Kiruv Rechokim

Why didn’t Noach take a more active role in trying to bring the world to rep
entance? In his commentary on Rashi, the Mizrachi explains that Noach feared that the evil people around him would influence him negatively. He preferred to remain secluded rather than risk the chances of being drawn after them.
Avrohom Avinu, on the other hand, was not afraid that his convictions would be weakened by others. He influenced the entire world to recognize the Almighty, while his own belief remained steadfast. This, too, came from the intense love that he had for Hashem.
The lessons we take from Noach and Avrohom Avinu are crucial for us today. Although kiruv rechokim (teaching non-religious Jews about their priceless heritage) is an important mitzvah, one must be wary of the outside influences that could pull a person away from Torah. Only a firm connection to Torah and a strong love of Hashem can save a person from these dangers.

Into the Fire

Avrohom Avinu’s love of Hashem was so strong that he held steadfast to his beliefs even in the face of opposition from the entire rest of the world. Nimrod threatened to throw him into a furnace if he did not renounce his beliefs in Hashem, and when Avrohom refused, Nimrod tried to kill him. The Almighty miraculously saved him.
Chazal tell us that Avrohom Avinu endured ten tests of his faith. Surprisingly, while the Torah goes on at great length speaking about the Akeidah (the binding of Isaac), this test, wherein he put his very life on the line, is not listed as one of the them. One would think that the willingness to sacrifice his life would be on par with the Akeidah.
In truth to give up one’s own life may not be an act of greatness. A person may be motivated by a momentary spur of religious passion, without considering the broader ramifications of his act. Even in our days, we see that Arabs are willing to die en masse for the “holy cause” of reclaiming the Land of Israel.
On the other hand, sacrificing Yitzchok meant contradicting everything that Avrohom had espoused until now. He was the lone voice at the time who spoke out publicly against human sacrifice – and now it would appear to the world as if he is giving in and doing just that, completely undermining any impact he may have made with his previous protests.
Furthermore, by killing Yitzchok, Avrohom would be destroying the only hope that he had to continue his teachings, especially since Hashem Himself, promised that it was through Yitzchok, and Yitzchok alone, that his lineage would be perpetuated. Even though Avrohom could not intellectually reconcile the chasm and seeming contradiction between Hashem’s promise and His current instructions, he enthusiastically went ahead to fulfill what he had been asked. This was a true act of love, and much greater than giving up his own life.

Floods of Fire

Hashem promises us that He will never bring another deluge of water onto the entire world. The Medrash states that although the world will never again be destroyed by water, it will be engulfed with fire. This refers to the apikorsis (heresy) that will exist in the days prior to the coming of Moshiach.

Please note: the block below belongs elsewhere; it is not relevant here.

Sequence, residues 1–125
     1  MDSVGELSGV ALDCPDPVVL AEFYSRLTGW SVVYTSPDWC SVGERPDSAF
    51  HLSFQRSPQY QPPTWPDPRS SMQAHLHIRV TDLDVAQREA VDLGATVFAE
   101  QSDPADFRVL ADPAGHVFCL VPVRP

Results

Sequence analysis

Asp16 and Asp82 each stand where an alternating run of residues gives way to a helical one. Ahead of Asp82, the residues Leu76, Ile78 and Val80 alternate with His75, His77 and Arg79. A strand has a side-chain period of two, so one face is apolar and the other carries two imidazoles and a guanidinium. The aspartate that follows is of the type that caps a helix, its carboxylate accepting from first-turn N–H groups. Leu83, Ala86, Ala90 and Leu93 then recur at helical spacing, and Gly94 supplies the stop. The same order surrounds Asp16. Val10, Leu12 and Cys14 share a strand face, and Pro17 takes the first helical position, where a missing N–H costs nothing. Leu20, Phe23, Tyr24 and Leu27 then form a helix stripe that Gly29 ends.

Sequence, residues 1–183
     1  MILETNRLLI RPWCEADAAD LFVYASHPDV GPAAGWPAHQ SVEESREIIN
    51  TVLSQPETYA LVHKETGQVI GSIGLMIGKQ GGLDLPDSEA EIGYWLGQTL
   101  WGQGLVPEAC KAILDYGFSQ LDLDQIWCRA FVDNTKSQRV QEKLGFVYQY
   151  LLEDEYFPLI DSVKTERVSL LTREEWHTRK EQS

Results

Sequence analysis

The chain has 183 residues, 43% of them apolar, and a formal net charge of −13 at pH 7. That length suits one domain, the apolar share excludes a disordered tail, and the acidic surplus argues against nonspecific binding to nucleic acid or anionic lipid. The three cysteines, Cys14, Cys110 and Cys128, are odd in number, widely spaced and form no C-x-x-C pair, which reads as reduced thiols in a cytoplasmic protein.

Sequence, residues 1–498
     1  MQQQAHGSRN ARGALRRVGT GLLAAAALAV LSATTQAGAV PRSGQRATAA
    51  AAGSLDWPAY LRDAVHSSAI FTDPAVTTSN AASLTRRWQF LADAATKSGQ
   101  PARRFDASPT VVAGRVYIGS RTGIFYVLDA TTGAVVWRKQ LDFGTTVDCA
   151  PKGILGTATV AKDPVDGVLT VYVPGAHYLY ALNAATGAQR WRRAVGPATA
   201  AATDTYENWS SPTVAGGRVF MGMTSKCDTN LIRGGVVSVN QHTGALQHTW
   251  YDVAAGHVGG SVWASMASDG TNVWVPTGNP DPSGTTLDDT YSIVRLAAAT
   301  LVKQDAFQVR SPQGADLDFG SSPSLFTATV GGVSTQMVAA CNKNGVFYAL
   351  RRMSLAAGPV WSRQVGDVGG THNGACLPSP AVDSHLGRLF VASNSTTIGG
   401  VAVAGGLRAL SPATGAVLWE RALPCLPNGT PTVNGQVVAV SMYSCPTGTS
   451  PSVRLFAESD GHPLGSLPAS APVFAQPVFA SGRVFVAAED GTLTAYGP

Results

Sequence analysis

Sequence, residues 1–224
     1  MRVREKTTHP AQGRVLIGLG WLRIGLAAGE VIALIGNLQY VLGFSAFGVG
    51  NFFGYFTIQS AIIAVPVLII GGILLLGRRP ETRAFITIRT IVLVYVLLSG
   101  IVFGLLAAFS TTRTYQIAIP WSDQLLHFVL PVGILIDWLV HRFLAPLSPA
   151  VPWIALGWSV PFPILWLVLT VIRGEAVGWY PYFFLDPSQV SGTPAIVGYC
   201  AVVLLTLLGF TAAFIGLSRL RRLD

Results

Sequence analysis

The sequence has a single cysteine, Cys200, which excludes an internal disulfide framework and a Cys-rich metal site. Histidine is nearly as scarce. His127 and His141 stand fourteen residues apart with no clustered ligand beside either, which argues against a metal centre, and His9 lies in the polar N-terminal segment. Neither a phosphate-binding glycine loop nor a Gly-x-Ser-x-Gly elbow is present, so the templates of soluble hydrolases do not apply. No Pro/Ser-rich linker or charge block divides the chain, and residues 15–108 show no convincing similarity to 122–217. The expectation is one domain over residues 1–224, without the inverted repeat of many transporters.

In current times, we see more and more that we are standing in the times that the Medrash describes. This past week, a professor who works with the Israeli Ministry suggested that the description of the creation of the world as it appears face value in Parshas Bereshis might, in fact be the true account of how the world was created. This means that all of the current science textbooks are inaccurate.
The professor’s statement caused such a huge uproar amongst the Israeli intelligentsia that it disrupted learning in the Hebrew University. Finally, the head of the university wrote a letter to the Minister of Education to fire this professor. His request was accepted, and he was removed from his position.
We can compare last week’s events to that which we find by Haman, who initiated the destruction of all of the Jewish people because Mordechai would not bow down to him .Why id he get so upset because of a simple statement from one person? What difference does it make if one person disagrees with their world outlook?
The answer is that the truth hurts. These people would rather believe that their ancestors were monkeys that that they were created by the Hands of the Almighty and that they are obligated to listen to what He says. Therefore, even the smallest notion that they were intentionally created causes them great vexation.

Coming Close to the End

On every day of Sukkos, we recite Hoshanos during Shacharis. In one of the Hoshanos, we mention, “Three hours, Hoshanah.” What does this phrase refer to?
Rav Yeshoua Leib Diskin explains that all of the history of the world is likened to a short time periosd. As we approach the coming of Moshiach, the final day is drawing to a close. During this period, the world fills up with apikorsis, and it is more difficult to see Hashem’s Presence in the world.
We are currently in the last three hours of the final day. The world is filled with people denying Hashem’s existence, and the darkness is growing stronger daily. Only by following Avrohom Avinu’s example and developing a strong sense of inner love for the Almighty will we have a chance of remaining strong in the this time of darkness.